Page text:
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Re: Main character animations.

Steve Baker wrote:

> Tony Joblin wrote:
>>I was reading in a book about developing games for Linux where the author
>>used a technique as follows. First develop a 3d model, they used a shareware
>>program called AC3D (approx $40), then render using POV ray to get 2d
>>images. Admittedly no animation was used, just wanted to get 2d images of
>>the spaceship for lots of rotations. I haven't tried it, I hope I have
>>described the process accurately and that it may be of use to you.
> Yes - it's a good way to get smoother sprite animation than a human artist
> could manage in a reasonable amount of time.
> You'll want to render at much higher resolution than you need so you can
> get them antialiased - also render against a 'blue screen' background so
> you can delete the background and have transparency in the right places.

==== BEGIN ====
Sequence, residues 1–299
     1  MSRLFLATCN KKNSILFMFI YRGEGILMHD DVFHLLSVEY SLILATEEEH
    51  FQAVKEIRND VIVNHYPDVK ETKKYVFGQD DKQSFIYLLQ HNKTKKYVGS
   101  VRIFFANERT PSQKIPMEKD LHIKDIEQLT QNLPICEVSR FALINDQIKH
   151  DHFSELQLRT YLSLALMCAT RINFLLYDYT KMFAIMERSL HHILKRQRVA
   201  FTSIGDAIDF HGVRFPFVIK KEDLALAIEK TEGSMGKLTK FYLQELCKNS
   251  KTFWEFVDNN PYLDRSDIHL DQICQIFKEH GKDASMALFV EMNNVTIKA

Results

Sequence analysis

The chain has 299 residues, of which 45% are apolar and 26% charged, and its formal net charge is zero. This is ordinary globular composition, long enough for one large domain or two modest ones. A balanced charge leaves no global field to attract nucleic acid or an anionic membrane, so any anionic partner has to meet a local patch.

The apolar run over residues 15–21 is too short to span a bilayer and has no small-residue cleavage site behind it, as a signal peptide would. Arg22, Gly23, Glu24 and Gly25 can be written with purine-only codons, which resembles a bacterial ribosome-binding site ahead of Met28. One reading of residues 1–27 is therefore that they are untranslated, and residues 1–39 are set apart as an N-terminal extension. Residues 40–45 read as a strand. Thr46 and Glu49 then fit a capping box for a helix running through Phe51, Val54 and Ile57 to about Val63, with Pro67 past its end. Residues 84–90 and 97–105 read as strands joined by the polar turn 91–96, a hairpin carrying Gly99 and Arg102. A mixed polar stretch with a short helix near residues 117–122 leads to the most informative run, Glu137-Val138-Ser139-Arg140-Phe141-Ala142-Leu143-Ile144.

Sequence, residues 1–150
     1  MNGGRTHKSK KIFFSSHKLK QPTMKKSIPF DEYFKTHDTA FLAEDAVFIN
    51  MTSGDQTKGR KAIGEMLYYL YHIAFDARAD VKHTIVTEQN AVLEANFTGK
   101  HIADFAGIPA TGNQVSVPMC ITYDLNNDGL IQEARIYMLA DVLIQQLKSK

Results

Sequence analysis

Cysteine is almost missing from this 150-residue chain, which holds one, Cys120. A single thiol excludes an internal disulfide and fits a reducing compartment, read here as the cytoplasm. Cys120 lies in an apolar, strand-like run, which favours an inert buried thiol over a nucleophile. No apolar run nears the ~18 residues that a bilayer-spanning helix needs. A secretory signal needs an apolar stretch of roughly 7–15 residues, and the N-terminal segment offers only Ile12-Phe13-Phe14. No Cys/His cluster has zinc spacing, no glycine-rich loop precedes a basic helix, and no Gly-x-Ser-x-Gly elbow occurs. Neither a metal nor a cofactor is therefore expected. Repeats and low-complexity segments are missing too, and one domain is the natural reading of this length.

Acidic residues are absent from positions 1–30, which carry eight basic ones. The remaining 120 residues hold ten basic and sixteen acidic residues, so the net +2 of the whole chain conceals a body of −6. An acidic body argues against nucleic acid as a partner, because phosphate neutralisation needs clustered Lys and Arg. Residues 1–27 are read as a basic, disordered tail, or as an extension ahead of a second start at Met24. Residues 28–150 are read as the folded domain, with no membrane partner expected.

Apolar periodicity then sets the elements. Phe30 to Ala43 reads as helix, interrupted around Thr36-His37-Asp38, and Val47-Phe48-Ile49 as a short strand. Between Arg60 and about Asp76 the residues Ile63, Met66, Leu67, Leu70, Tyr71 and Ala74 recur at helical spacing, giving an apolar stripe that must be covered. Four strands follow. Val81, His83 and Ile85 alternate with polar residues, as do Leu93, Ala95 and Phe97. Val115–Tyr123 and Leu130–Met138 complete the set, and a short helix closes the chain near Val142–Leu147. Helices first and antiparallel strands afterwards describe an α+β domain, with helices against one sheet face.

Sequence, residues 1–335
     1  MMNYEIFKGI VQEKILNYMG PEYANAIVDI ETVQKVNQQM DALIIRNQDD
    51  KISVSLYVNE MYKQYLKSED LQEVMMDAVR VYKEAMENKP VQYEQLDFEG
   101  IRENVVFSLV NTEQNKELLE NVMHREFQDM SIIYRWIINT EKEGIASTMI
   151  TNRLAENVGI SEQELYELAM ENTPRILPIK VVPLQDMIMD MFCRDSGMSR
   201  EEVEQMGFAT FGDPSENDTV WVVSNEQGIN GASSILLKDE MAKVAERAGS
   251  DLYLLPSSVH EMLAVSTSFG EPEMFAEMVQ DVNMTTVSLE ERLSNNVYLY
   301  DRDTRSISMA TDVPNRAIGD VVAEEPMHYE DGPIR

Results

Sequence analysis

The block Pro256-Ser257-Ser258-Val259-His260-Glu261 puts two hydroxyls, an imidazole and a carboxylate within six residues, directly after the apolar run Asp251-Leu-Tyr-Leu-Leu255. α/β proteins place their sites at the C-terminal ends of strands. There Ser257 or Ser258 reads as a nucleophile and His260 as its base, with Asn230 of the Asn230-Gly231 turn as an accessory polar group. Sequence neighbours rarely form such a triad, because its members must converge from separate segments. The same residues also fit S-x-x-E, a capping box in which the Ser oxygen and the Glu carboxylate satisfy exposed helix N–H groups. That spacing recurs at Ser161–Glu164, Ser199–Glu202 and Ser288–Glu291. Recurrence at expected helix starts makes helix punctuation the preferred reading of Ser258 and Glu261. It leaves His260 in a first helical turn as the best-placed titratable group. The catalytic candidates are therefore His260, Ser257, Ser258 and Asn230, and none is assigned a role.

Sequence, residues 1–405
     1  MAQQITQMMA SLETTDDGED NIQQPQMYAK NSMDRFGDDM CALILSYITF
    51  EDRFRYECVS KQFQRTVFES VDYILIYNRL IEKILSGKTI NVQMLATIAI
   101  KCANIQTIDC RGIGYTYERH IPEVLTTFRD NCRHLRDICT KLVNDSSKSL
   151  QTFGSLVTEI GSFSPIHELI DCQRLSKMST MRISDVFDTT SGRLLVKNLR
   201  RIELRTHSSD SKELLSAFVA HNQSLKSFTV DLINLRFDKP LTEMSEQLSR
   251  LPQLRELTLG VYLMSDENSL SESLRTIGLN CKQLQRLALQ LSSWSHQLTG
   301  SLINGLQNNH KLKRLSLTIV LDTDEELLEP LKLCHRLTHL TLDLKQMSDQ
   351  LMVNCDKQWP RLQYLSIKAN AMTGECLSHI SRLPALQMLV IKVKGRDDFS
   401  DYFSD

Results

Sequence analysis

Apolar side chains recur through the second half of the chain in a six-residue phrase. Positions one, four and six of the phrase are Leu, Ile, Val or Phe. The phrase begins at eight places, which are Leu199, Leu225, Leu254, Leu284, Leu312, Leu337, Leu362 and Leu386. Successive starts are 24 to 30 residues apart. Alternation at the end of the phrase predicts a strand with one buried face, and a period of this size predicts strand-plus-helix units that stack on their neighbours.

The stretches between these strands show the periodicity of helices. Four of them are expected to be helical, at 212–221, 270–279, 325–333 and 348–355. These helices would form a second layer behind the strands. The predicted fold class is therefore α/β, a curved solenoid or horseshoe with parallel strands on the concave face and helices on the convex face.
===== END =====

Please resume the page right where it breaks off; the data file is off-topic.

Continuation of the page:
Antialising and blue-screen backgrounds don't mix very good, mainly 
because the pixel at the model's edges will be mixed with the 
background. So if you enable antialiasing on such a scene you will have 
a fixed-colored border around your model which is hard to get rid of.

Either don't do antialiasing at all or try to get some sort of alpha 
value for the border pixels telling you how much of that pixel's was 
actually covered by the model. In this case you should render the model 
against a black background, even if the model itself is very dark.

You can get the alpha channel using a trick in POV: First render the 
model against a black background with antialiasing on. Then set the 
ambient color for that model to plain white, and render the scene again 
with unchanged antialiasing settings. This will give you the the right 
alpha mask for this model.

This method has a benefit and a drawback, though. The drawback is that 
you should draw the resulting 2D model always using the rendered alpha 
channel to avoid the awkwardly colored edge around the model. The 
benefit is that the model should blend nicely into the scene giving you 
some sort of full-screen antialiasing.

One last disclaimer: this is still theory to me. I've never ever tried 
it. But I've stumbled over the colored edge problem above, though and I 
honestly believe that this method should work out.


* Gregor Mueckl                 GregorMueckl@gmx.de *
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